Hepadnaviruses replicate via reverse transcription of an RNA template, the pregenomic RNA (pgRNA). Although hepadnaviral polymerase (Pol) and retroviral reverse transcriptase are distantly related, some of their features are distinct. In particular, Pol contains two additional N-terminal subdomains, the terminal protein and spacer subdomains. Since much of the spacer subdomain can be deleted without detrimental effects to hepatitis B virus (HBV) replication, this subdomain was previously thought to serve only as a spacer that links the terminal protein and reverse transcriptase subdomains. Unexpectedly, we found that the C terminus of the spacer subdomain is indispensable for the encapsidation of pgRNA. Alanine-scanning mutagenesis revealed that four conserved cysteine residues, three at the C terminus of the spacer subdomain and one at the N terminus of the reverse transcriptase subdomain, are critical for encapsidation. The inability of the mutant Pol proteins to incorporate into nucleocapsid particles, together with other evidence, argued that the four conserved cysteine residues are critical for RNA binding. One implication is that these four cysteine residues might form a putative zinc finger motif. Based on these findings, we speculate that the RNA binding activity of HBV Pol may be mediated by this newly identified putative zinc finger motif.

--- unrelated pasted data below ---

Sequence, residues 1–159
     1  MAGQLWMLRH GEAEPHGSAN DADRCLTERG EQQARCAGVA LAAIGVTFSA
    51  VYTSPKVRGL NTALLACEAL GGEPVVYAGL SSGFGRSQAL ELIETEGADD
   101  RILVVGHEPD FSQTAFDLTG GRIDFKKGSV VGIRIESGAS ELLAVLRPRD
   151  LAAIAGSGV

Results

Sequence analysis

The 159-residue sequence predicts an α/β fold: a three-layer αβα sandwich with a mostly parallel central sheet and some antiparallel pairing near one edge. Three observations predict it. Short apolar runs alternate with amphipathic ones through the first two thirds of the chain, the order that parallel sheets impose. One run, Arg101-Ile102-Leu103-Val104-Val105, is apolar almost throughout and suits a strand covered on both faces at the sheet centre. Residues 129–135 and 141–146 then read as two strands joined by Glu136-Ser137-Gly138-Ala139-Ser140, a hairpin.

All Science Journal Classification (ASJC) codes
- Insect Science